Just two samples, visit the link for some VERY interesting predictions =)
Eric Cole, Secure Anchor, offers two security predictions for 2009,
* Less reliance on patching This is a tricky one because I am not saying organizations should not patch. Patching is critical and still must be done. However, with the window shrinking between when a vulnerability is public and when the exploit is released, organizations will have to deploy other measures to help minimize their impact to exposure. This is further emphasized by seeing more out of cycle critical patches released by vendors, showing that organizations are going to have to do more with desktop lockdown. Hardening a client system by not allowing administrator access and removing all unnecessary components are important. Two results of organizations being less reliant on patching for their primary protection are more deployments of HIPS (host based intrusion prevention) and think clients increasing in popularity. Thin clients could also take the form of virtual machines where you load a new image every time you start the computer.
* More focus on data, less on the perimeter The perimeter is critical and must be maintained to have a proper level of security; however, the focus needs to be on understanding, mitigating and reducing the risk to critical data. Therefore, organizations will put more energy and time against data focused protection. The DLP (data loss prevention) space will have to be redefined since much of the current technology goes after low hanging fruit and companies will demand solutions that truly protect critical information.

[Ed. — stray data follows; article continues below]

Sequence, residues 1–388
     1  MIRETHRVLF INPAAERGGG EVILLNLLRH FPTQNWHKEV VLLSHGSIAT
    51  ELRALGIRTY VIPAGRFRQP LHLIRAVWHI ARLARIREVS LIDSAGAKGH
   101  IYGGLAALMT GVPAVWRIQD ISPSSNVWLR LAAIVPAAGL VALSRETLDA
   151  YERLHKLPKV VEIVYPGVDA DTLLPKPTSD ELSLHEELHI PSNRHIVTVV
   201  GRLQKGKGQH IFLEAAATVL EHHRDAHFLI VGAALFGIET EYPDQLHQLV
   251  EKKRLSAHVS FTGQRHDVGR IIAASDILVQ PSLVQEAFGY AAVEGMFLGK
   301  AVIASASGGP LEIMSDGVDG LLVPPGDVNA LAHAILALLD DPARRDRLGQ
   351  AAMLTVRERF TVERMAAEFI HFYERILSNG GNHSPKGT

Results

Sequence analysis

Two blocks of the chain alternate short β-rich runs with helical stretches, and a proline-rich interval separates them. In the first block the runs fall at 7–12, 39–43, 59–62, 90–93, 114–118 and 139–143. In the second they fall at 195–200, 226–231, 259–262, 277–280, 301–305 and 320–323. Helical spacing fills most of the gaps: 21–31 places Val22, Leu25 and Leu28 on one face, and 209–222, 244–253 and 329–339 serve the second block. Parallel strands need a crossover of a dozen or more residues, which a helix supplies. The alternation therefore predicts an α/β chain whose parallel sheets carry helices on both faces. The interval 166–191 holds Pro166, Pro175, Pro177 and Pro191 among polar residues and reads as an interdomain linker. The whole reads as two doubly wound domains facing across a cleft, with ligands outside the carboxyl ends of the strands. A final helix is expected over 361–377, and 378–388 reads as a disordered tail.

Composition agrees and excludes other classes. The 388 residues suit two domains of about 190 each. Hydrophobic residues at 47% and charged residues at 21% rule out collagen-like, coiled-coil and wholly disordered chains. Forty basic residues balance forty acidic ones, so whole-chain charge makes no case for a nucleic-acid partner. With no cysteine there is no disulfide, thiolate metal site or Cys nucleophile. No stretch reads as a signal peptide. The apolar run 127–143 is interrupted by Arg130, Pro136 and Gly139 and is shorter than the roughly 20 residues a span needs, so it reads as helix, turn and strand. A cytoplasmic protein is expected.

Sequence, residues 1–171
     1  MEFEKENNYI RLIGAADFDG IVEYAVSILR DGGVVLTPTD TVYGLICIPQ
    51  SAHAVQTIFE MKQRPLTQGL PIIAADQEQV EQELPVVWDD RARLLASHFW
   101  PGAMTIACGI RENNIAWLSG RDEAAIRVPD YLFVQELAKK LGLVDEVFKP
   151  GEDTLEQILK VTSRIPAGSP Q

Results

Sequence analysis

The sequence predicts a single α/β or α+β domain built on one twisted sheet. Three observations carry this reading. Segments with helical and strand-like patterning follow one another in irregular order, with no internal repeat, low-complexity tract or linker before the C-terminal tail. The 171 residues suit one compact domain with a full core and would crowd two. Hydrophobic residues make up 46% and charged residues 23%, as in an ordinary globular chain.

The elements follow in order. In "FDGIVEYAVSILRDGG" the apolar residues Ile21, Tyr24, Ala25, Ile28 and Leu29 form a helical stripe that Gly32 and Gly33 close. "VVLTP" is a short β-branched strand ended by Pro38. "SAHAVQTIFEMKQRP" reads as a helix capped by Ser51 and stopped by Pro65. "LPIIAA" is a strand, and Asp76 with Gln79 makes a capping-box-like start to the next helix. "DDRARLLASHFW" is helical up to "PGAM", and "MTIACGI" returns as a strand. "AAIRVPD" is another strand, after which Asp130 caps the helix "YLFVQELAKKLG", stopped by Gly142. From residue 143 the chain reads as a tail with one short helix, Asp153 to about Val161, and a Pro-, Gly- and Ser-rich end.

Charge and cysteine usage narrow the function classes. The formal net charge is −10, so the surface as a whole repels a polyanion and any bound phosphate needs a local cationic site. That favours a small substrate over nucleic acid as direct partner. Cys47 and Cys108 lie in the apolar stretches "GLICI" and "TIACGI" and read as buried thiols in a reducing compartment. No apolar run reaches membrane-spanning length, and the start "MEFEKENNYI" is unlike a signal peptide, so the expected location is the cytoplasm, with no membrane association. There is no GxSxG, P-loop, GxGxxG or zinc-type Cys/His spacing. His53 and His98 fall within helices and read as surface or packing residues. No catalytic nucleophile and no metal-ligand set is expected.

Paul Asadoorian of PaulDotCom's 2009-2010 predictions. Paul is weighing in with 3:
* Other threats will become as easily exploitable as remote exploits. We've all seen how people scramble and make noise when Microsoft releases a patch for a new remote exploit (ala MS08-067). We will start to see attackers using other most subtle measures, such as web applications and mobile device attacks, in the same manner. Except, at least in the beginning, there will be no scramble and noise.
* Wireless networks will continue to source attacks. So many organizations have done a good job implementing "secure" wireless networks. However, there are always other threats that will continue, such as guest networks, handheld devices, client-side wireless software, that will open doors for attackers. These attacks are targeted and subtle now, look for a "knock your socks off" wireless attack in 2009 to really help put the risks in perspective.
* Someone will unplug the Internet - We've danced around it for quite some time and have seen some examples (youtube.com went away briefly in 2008), but time has come for major meltdown. This will most likely be a targeted attack as we move closer to cyberwarfare tactics really hurting. With the economy in the US already weak, enemies will be looking to take their shots and cyberwarefare will be one of them. Economic targets or even natural resources will be at risk. Thats the fun about predictions, you don't have to be right and you can think big. [Stephen Northcutt] Well that is certainly thinking big. For myself, I think there is enough redundancy that you cannot take down the Internet. I guess the closest thing we have to study is the Akamai attack.